Financials could benefit from the new inflationary environment because they can re-price the rate they charge on loans and other products. Revenues should rise more quickly than staff costs, and financial firms benefit from volume growth as the economy continues to expand. Within financials, we prefer insurers; it remains important to be selective when investing in European banks.

The telecoms sector is another that should benefit from higher inflation. The infrastructure is already there and rising wages mean consumers are able to bear higher prices. Similarly, consumer cyclical sectors – like the carmakers – are currently very cheaply valued and could benefit from a more confident consumer in 2019.

We see this return of inflation as an embedded structural factor - the result of years of underinvestment and pressure on wages. The important thing, as investors, is to identify this changing environment early before it becomes obvious to the whole market.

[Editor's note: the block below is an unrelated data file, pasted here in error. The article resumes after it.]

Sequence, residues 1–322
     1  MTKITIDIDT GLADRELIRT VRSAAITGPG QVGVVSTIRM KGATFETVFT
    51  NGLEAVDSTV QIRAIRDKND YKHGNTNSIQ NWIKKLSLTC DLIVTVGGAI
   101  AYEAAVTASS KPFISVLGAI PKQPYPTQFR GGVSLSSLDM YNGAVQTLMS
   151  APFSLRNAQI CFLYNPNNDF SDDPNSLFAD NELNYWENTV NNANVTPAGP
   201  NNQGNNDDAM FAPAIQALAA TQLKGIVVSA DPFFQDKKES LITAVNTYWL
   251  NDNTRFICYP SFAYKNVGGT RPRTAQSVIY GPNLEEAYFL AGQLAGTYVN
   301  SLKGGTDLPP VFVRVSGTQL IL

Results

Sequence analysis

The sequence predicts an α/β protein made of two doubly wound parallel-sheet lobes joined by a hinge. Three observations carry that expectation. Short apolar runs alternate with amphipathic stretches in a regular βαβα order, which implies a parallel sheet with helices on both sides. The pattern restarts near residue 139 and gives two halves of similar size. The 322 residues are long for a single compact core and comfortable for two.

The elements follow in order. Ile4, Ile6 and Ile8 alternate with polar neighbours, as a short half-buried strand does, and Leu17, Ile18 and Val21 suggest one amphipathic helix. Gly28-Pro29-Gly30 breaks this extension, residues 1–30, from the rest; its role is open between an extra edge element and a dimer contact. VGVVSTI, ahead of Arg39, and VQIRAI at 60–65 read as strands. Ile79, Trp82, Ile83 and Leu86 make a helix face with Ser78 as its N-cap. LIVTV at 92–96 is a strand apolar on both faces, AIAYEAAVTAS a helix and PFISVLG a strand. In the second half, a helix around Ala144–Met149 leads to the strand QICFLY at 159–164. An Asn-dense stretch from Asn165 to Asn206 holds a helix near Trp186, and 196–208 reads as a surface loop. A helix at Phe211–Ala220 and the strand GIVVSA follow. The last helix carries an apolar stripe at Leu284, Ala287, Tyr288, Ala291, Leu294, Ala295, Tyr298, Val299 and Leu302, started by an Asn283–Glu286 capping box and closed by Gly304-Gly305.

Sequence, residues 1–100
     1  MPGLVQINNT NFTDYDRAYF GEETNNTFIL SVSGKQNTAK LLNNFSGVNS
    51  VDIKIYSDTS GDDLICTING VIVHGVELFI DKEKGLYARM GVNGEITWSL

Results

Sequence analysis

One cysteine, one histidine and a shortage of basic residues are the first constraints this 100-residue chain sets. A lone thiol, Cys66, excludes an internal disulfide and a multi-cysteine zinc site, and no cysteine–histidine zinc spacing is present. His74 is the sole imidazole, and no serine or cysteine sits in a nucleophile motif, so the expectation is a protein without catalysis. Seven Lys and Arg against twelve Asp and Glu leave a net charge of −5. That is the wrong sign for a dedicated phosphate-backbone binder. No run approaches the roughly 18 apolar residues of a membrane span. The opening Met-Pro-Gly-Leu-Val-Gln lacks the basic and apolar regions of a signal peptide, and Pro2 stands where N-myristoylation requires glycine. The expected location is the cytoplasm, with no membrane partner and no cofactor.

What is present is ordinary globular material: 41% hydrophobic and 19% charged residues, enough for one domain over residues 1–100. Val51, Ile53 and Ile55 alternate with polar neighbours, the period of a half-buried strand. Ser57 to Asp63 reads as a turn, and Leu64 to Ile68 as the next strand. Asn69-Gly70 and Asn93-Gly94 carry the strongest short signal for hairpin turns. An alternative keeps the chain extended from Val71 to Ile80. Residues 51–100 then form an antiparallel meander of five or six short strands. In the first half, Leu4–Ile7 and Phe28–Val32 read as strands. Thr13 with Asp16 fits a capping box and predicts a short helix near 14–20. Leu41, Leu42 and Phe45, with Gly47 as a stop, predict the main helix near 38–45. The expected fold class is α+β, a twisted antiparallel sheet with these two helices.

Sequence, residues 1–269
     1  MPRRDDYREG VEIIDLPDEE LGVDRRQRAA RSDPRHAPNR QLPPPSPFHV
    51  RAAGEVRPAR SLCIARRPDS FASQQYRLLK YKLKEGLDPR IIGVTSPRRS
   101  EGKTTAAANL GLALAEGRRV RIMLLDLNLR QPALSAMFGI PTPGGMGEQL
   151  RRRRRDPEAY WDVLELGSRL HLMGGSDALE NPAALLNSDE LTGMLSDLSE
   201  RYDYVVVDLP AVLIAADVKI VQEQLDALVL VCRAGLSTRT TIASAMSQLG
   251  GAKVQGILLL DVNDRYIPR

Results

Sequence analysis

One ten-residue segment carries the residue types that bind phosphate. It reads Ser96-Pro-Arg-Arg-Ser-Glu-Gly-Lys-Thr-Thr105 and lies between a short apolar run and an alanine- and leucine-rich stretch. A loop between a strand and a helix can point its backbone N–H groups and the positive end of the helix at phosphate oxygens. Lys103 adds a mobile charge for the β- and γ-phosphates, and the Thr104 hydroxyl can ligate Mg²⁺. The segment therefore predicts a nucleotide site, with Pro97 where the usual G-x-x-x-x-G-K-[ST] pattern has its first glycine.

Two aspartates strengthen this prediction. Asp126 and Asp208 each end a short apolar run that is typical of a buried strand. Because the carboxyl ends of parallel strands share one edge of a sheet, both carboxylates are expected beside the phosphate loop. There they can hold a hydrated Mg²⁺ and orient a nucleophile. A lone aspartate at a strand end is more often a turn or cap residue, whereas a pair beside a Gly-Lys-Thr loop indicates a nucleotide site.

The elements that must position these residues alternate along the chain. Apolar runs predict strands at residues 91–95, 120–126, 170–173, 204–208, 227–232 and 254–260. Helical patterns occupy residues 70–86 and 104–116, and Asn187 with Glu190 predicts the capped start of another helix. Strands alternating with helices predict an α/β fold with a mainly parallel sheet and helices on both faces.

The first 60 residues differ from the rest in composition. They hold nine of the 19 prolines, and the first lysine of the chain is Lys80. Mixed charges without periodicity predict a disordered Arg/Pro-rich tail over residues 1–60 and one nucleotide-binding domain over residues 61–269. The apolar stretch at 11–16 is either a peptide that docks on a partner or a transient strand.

The opinions above include forecasted views, there is no guarantee than any forecasts or opinions will be realised, they should not be relied upon. Nothing in this material should be construed as advice or a recommendation.

Risk Considerations      

The value of investments and the income from them may go down as well as up and investors may not get back the amounts originally invested. 

Equity prices fluctuate daily, based on many factors including general, economic, industry or company news.

Investments concentrated in a limited number of geographical regions, industry sectors, markets may result in large changes in the value, both up or down, which may adversely impact the performance.


1. The chart shows the price-earnings ratio (P/E ratio) which is the ratio for valuing a company that measures its current share price relative to its per-share earnings.

2. A buyback, also known as a share repurchase, is when a company buys its own outstanding shares to reduce the number of shares available on the open market.